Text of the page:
“The Japanese in Latin America, mostly from Peru, were kidnapped by the State Department, Special War Problems Division, under a secret program called Quiet Passages,” said McConahay.

“It was a program to forcibly capture people with the justification that ‘we don’t need a fifth column.’ Besides, Latin America was an important area of resources for countries involved in WWII (minerals, food, etc.), and they didn’t want the ‘Axis’ to put their hands on them.

“In such a context, the U.S. government was concerned about the Japanese spying on behalf of their original land. There was no evidence of this, and worst of all, they didn’t even have connections with Japan.

“That was the ‘reason’ to justify the kidnappings. But the real reason was that Germans and Japanese were good ‘customers.’ Some of them were prominent members of their communities and successful entrepreneurs. The U.S. was thinking not only of crippling their trade but [also] of taking over the trade.”

After the Pearl Harbor attack, Peru severed diplomatic relations with the Axis—Germany, Italy and Japan—and ordered some Japanese community leaders to be arrested. The list was prepared by U.S. intelligence. The United States compensated Peru with military assistance and opened a military base there. Even more, the Peruvian government closed Japanese schools and newspapers.

Those arrested were sent to the United States by vessels on trips that could last weeks. Upon arrival, they were stripped of their documents, interrogated, sprayed with DDT and sent to a concentration camp.

Most Japanese from Latin America were sent to the Crystal City camp in Texas, a former labor camp that housed Mexican braceros harvesting spinach. The living conditions were deplorable; in some cases, 80 people shared a small barrack with only one bathroom. The Japanese were separated from detained Germans.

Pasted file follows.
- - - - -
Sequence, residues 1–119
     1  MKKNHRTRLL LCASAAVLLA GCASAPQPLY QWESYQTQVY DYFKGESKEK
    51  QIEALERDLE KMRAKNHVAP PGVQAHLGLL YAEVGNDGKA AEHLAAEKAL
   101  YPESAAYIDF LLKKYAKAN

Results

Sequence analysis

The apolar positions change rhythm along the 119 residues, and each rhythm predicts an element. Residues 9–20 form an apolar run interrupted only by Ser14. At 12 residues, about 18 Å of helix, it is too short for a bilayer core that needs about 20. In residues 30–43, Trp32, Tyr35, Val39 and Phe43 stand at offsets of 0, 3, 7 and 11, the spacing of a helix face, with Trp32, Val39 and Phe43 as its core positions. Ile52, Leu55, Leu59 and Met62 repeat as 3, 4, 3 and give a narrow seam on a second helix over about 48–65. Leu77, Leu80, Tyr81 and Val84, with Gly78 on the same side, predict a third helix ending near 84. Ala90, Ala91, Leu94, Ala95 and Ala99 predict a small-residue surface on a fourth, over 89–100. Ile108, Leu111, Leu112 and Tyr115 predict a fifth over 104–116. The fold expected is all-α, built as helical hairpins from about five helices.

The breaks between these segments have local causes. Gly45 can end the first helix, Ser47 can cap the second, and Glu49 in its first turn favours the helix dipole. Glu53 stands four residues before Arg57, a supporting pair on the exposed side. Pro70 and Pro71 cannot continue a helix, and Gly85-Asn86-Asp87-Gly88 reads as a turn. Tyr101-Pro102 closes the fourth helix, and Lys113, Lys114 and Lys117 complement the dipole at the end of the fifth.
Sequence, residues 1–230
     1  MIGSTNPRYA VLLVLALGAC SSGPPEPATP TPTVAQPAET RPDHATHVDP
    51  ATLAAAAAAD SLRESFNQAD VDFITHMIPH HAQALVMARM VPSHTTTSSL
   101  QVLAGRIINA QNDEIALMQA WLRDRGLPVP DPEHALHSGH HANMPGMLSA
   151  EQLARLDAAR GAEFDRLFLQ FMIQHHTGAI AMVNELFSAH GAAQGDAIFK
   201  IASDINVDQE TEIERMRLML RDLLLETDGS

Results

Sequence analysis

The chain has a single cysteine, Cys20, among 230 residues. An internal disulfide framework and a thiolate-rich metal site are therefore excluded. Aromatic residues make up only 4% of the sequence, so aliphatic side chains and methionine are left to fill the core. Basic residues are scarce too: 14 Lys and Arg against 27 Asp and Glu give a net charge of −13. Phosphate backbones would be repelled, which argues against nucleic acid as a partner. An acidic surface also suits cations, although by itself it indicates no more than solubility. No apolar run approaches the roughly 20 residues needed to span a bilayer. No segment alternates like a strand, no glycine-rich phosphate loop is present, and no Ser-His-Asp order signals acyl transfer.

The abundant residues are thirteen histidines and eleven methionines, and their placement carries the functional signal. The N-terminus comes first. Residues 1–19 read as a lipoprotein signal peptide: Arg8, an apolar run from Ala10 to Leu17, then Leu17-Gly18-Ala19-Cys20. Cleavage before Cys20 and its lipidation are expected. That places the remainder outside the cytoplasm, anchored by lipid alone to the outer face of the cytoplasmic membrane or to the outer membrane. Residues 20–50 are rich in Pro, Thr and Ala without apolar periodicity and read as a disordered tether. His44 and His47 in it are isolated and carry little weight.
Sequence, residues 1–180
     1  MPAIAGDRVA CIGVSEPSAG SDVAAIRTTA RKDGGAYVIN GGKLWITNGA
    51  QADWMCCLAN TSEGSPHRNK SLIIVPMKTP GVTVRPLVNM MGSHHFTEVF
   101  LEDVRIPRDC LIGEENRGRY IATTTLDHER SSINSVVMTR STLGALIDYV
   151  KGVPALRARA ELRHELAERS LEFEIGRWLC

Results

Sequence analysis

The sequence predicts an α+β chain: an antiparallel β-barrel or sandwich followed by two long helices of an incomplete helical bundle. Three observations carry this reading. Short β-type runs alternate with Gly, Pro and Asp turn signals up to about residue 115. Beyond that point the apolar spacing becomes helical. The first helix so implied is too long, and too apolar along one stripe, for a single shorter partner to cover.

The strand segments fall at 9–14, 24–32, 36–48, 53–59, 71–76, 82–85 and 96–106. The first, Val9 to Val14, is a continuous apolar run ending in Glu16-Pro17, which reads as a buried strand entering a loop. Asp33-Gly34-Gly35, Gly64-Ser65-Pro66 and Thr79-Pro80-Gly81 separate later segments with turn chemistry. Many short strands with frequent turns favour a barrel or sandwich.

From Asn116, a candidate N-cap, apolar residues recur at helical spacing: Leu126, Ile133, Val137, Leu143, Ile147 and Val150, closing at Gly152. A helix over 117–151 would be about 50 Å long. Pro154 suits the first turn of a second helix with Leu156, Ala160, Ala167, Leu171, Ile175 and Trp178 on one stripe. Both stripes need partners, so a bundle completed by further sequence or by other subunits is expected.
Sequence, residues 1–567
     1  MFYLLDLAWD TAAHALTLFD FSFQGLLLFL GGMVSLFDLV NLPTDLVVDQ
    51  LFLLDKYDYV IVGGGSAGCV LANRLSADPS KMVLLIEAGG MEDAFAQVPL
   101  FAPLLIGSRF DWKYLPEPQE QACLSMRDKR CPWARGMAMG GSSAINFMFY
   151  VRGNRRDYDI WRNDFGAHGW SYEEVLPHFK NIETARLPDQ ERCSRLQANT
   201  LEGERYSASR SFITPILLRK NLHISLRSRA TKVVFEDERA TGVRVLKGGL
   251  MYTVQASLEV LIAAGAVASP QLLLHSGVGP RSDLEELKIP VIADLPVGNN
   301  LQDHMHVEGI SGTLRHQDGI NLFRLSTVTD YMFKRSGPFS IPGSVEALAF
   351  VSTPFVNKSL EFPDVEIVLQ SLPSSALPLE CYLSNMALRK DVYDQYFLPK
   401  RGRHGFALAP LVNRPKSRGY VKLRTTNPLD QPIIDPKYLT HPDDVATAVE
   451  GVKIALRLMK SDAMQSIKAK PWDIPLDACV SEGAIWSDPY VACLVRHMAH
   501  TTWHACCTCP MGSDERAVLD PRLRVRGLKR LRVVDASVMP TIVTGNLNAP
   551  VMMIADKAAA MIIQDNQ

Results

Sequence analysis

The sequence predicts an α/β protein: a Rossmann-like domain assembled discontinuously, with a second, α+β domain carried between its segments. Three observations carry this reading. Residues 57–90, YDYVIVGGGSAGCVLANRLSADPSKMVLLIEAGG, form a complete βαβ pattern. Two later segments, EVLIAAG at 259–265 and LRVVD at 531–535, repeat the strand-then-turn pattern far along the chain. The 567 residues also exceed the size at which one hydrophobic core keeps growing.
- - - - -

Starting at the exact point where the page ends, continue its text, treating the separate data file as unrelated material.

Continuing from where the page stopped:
A memorial at the former Crystal City concentration camp honoring the Japanese people detained there during WWII. Photo courtesy of The Commons

Although the State Department justified these incarcerations as part of national security, in fact Washington wanted to have enough Japanese detainees to trade them for American prisoners held by Japan. By 1942, the State Department estimated that 3,300 Americans were under Japanese control in Asia. By the same year, more than 1,000 Latin American Japanese were sent to Japan as part of a prisoner exchange.

“Quiet Passages was a program dedicated to getting Japanese people in order to exchange them with U.S. prisoners. They needed Japanese,” explained McConahay.

“Japanese Americans were [deemed not appropriate] for this trade—and they were incarcerated already. So they needed ‘other’ Japanese. And they found them in Latin America, particularly in Peru.

“They were taken out of their houses, off the streets…There was opposition, there were voices of resistance to this program within the U.S. government, people who thought ‘this is not right, it doesn’t seem legal—or at least ethical.’ But they were silenced.

“There was also a racist component to this plan. The U.S. always considered Latin America as ‘our backyard.’” So Washington didn’t care much about potential criticism from south of the border.

“The Peruvian Japanese were taken on fishing vessels—some belonging to an Alaskan fishing company,” said McConahay. “Because of the war, the U.S. government was able to take these types of vessels. These were not luxurious ships, but smelly, overcrowded vessels.